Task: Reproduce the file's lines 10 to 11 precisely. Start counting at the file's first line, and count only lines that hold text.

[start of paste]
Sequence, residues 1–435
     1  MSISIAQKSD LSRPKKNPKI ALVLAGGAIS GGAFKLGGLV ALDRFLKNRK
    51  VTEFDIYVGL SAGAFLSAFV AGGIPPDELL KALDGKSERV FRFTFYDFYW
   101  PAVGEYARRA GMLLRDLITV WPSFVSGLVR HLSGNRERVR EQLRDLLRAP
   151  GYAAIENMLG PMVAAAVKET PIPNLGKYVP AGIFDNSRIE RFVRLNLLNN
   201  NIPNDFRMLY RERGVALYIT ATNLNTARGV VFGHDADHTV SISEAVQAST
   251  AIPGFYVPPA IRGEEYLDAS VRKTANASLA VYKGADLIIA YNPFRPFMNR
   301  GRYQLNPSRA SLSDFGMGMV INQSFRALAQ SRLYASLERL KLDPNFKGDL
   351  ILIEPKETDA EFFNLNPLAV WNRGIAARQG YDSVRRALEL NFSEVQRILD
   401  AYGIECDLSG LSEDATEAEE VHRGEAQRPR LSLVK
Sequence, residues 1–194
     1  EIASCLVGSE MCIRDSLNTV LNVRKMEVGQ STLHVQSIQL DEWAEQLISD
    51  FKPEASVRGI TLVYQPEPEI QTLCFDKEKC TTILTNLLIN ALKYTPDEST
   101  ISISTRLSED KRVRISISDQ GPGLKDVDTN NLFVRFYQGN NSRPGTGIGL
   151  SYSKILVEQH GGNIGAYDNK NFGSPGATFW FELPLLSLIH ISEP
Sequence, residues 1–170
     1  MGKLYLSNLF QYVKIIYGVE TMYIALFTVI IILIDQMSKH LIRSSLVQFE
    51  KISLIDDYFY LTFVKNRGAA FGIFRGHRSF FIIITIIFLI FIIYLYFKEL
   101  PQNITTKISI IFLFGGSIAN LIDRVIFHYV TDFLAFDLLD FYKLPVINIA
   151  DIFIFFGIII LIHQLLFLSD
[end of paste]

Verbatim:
   401  AYGIECDLSG LSEDATEAEE VHRGEAQRPR LSLVK
Sequence, residues 1–194